Paul Krugman in his New York Times column yesterday chastises the Obama administration for not pushing for a sufficiently large enough stimulus package to juice the economy.
“Would the Obama economic plan, if enacted, ensure that America won’t have its own lost decade?” he asks. “Not necessarily: a number of economists, myself included, think the plan falls short and should be substantially bigger.”
Given this morning’s news that the economy shed nearly 600,000 nonfarm jobs last month–the biggest monthly loss since 1974–the case for government stimulus never looked stronger. All the more so if deflation threatens, which it clearly does.

But no one ever said that spending vast sums of money–the current stimulus plan circulating in Congress now tops $1 trillion–insures a quick fix for the economy, or any fix. That doesn’t mean that government stimulus should be off the table, but no one should expect that spending such astronomical amounts of money comes without risks.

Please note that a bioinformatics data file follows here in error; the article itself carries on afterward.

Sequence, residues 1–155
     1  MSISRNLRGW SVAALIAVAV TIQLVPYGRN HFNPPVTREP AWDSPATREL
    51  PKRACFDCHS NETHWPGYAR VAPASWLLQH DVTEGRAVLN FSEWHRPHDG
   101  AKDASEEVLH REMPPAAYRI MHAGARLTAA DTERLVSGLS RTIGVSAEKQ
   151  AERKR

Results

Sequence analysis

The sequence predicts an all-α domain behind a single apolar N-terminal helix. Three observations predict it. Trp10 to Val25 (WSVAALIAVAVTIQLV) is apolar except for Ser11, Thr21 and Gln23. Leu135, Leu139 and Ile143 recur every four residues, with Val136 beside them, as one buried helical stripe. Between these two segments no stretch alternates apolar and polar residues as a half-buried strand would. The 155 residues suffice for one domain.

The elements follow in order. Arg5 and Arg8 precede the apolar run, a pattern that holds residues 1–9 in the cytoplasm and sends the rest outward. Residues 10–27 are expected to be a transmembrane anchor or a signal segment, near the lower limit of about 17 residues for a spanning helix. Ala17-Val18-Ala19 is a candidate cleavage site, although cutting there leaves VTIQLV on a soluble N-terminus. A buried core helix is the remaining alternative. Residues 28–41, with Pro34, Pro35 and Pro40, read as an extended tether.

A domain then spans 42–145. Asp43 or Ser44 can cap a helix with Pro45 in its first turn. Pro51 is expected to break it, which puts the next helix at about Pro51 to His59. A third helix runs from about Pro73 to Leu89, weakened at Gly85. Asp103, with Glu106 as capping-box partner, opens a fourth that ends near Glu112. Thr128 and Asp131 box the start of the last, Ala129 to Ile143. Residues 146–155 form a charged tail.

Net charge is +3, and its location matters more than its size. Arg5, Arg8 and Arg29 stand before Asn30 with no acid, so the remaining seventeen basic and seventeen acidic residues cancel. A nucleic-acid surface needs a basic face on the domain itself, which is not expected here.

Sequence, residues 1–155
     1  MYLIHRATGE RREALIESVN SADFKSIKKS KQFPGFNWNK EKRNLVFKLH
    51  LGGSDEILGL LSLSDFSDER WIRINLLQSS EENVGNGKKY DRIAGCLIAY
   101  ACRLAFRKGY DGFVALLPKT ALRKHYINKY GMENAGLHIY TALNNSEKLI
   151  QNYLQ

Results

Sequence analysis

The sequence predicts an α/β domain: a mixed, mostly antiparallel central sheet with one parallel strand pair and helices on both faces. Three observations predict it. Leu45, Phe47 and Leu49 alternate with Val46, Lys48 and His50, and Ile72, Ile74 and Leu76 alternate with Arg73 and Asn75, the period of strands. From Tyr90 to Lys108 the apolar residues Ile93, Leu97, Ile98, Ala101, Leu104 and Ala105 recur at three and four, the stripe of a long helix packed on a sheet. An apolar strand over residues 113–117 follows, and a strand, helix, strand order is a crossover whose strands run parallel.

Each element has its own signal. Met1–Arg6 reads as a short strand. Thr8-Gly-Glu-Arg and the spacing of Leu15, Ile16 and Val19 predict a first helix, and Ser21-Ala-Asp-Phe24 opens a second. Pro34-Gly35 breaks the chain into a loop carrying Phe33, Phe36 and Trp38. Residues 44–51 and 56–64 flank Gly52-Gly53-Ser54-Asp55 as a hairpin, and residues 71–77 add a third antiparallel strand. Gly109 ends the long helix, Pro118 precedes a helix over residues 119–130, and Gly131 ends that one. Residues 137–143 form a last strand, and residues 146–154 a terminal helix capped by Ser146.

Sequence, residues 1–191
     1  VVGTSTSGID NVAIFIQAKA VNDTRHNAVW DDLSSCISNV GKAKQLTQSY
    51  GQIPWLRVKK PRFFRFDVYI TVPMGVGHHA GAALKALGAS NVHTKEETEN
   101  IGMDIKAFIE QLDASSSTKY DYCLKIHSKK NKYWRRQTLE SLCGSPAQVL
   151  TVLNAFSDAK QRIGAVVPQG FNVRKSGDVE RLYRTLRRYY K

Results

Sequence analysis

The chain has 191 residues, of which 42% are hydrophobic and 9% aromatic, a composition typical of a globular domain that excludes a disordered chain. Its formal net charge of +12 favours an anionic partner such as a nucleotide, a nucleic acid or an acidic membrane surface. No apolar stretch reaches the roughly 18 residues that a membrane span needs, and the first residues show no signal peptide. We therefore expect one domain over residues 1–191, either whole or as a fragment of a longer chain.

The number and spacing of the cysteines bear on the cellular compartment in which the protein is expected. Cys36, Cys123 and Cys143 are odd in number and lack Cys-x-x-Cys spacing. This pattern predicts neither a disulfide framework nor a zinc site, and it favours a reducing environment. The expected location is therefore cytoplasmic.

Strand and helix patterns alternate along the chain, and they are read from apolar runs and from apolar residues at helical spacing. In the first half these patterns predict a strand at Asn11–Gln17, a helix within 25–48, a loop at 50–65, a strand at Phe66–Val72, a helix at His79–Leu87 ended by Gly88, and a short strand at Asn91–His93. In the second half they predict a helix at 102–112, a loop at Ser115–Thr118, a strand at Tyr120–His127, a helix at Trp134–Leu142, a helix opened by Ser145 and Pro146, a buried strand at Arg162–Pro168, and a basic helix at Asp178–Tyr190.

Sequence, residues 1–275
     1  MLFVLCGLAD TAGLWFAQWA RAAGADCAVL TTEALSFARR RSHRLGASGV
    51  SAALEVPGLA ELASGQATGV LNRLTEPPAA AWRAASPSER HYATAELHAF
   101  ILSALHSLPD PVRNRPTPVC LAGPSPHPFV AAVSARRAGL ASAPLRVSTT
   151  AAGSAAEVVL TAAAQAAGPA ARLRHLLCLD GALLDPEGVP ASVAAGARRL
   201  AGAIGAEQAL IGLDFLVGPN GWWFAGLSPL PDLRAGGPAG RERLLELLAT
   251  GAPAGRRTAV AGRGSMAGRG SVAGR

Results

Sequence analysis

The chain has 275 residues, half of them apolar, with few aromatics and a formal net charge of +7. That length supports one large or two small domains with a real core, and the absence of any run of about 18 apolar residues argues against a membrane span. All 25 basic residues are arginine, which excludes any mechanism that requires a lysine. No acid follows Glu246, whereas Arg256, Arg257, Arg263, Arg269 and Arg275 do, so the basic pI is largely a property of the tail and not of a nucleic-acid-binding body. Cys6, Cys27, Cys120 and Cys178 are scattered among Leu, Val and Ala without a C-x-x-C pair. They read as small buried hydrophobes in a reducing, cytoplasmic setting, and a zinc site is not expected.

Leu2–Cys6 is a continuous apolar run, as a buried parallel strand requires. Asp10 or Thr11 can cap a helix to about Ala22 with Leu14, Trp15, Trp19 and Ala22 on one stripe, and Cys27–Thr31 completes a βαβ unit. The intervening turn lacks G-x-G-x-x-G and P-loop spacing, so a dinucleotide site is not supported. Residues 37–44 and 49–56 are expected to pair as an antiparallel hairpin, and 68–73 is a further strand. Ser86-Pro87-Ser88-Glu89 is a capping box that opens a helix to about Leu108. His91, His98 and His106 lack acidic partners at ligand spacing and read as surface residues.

Benn Steil, director of international economics at the Council on Foreign Relations, wonders where the financing for the stimulus will come from. As he writes in today’s FT,

Nobel Prize-winner Paul Krugman, who calls today “The Keynesian Moment”, justifies such a trillion dollar investment programme on precisely the Keynesian foundations that Rueff demolished – the claim that money “would otherwise be sitting idle”. When Mr Krugman buys his stimulus bonds, I am curious where the “idle” money will come from. Will he sell stocks? Bonds? Withdraw funds from the banking system? If it is not to come from a cash box, it is not idle, and Mr Krugman can only fall back on the hope that the government will use his funds more productively than businesses can.


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